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Transatlantic Thoughts: Blind focus on work is unfulfilling

Credit: Paola Mathus/ Credit: Paola Mathus/ Credit: Paola Mathus/ Credit: Paola Mathus/
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Editor’s note: Transatlantic Thoughts is a weekly column that examines Carnegie Mellon’s student life from a foreigner’s perspective. Find previous installments @thetartan.org.

This week, I will develop my reflection from two previous articles, published respectively on Sept. 25 and Oct. 9. Indeed, the workaholism culture combined with excessive professionalism in campus activities leads to the glorification of technique over everything else. The processes, meetings, carefully-written statements, and complex organizations seem to be more important than the original goal. The tools have become an end in themselves.

This phenomenon is hard to describe, and I can only refer to little things that seem innocuous taken separately. One club I'm a member of is starting anonymous "performance reviews" to evaluate the work of the managers. Another club I'm a part of keeps repeating administrative meetings every two weeks even though there has been no event related to the club's activity in over three months. Last year, I heard that the student Senate had to redo elections because the people didn't understand the new complex election method they had set up. Every email I receive from the student government seems like a vaguely committed statement of intent that rarely talks about any concrete thing. The fact is that very few people talk about these issues, and that people in the administration seem to care more about it than my fellow students.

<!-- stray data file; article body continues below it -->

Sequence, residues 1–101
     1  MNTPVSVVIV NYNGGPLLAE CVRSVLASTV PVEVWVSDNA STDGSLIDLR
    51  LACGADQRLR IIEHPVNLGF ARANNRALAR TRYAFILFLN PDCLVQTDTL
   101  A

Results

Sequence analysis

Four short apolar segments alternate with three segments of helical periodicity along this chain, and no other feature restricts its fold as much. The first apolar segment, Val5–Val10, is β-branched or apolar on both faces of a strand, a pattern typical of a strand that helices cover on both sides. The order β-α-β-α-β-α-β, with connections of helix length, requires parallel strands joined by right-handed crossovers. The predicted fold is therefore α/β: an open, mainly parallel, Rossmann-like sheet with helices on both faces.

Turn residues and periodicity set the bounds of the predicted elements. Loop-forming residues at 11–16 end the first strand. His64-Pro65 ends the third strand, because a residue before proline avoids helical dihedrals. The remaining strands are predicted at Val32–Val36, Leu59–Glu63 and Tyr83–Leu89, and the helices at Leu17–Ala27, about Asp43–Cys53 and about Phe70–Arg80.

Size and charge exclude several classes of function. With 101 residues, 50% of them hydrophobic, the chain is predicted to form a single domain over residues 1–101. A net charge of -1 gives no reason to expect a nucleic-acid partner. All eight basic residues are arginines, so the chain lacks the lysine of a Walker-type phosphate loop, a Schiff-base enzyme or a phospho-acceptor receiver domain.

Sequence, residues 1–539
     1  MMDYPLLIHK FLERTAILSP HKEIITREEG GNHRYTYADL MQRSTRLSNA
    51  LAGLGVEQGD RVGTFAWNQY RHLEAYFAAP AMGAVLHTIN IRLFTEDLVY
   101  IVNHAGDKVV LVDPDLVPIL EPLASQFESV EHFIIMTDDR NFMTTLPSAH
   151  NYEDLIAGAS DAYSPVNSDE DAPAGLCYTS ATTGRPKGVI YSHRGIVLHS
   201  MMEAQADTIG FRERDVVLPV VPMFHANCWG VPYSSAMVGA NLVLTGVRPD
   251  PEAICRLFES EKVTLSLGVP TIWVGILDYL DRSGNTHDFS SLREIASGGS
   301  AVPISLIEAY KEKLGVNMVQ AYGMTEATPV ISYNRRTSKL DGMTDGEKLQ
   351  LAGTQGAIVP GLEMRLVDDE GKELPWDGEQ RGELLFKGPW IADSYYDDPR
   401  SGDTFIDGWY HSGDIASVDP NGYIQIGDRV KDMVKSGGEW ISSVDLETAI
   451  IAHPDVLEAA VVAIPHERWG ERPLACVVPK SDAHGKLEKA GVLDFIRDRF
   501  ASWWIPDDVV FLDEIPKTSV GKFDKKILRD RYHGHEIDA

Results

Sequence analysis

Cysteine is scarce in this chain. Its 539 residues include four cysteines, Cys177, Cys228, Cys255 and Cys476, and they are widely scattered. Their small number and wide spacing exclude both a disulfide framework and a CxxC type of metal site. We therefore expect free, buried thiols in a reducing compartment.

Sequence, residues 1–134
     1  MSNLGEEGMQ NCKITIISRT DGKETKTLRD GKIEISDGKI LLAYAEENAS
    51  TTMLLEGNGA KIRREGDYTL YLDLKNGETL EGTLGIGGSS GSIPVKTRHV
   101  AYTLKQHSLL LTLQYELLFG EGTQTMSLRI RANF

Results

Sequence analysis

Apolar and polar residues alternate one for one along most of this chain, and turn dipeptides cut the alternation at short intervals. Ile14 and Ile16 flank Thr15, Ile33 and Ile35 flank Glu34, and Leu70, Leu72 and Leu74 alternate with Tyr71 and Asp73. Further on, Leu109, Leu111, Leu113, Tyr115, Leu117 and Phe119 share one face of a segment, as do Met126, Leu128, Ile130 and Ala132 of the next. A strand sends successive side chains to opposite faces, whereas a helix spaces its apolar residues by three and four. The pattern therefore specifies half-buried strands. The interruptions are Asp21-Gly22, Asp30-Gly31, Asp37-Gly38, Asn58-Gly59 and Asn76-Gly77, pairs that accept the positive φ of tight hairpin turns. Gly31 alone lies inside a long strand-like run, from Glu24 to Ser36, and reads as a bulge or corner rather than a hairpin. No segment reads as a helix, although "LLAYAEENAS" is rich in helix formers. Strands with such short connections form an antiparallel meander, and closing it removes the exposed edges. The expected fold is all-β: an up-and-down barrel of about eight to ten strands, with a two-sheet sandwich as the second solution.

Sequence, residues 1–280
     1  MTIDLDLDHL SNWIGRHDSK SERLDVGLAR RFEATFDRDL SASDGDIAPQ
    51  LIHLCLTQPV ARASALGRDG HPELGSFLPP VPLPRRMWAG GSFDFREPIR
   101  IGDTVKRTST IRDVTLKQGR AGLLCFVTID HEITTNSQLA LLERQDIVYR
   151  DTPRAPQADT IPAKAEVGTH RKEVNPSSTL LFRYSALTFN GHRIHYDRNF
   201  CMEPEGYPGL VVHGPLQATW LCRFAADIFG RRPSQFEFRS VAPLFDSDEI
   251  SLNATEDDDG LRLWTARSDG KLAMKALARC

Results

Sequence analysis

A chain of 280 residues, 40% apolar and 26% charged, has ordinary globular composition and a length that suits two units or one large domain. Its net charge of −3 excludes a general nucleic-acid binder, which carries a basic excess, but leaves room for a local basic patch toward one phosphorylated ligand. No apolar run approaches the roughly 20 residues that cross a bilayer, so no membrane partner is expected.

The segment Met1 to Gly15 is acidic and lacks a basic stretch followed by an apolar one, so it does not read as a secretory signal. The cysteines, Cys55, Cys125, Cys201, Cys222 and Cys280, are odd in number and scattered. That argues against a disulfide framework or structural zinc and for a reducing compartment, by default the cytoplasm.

I have the impression that this administrative and bureaucratic obsession is the ultimate expression of the Carnegie Mellon culture. The imperatives of formalism, complexity, and performance have overflowed from academic life into extracurricular life. But why is this so? In my opinion, the root of all evil is this false belief that one can use college to only get the specialized education necessary to land its supposedly dream job. As a freshman, entering Carnegie Mellon is a strong financial commitment. But this commitment can quickly turn into a prison: the six-figure tech positions for new graduates become the only way out of the student loans. Because of that, it becomes impossible to freely think about what you want to do with your life. And tech companies are very aware of that: during the recruiting process, you are not required to present a coherent professional plan for yourself. Furthermore, you are often asked to blindly trust the company to assign you to a team that would match your interests, only after they accept you inside the company.

This absence of self-reflection requirements throughout college here at Carnegie Mellon and even in the beginning of professional life is actually damaging to individuals. One of the symptoms is precisely the glorification of technique that I mentioned earlier. Because we are scared of reflecting on what we want our life to mean, academic work, and dealing with complex problems and processes become a mental shelter that is strengthened by the social dimension of the phenomenon: everyone does it, and the recent alumni that come to the Technical Opportunities Conference (TOC) to advertise for their company seem happy, so no need to worry. Worse, there is this mentality that the ultimate goal is to accumulate cash as fast as possible, and then enjoy a hypothetical freedom that would come with the possession of such a capital. But according to people in the administration in contact with recent grads, many of them wish they had done things differently at Carnegie Mellon.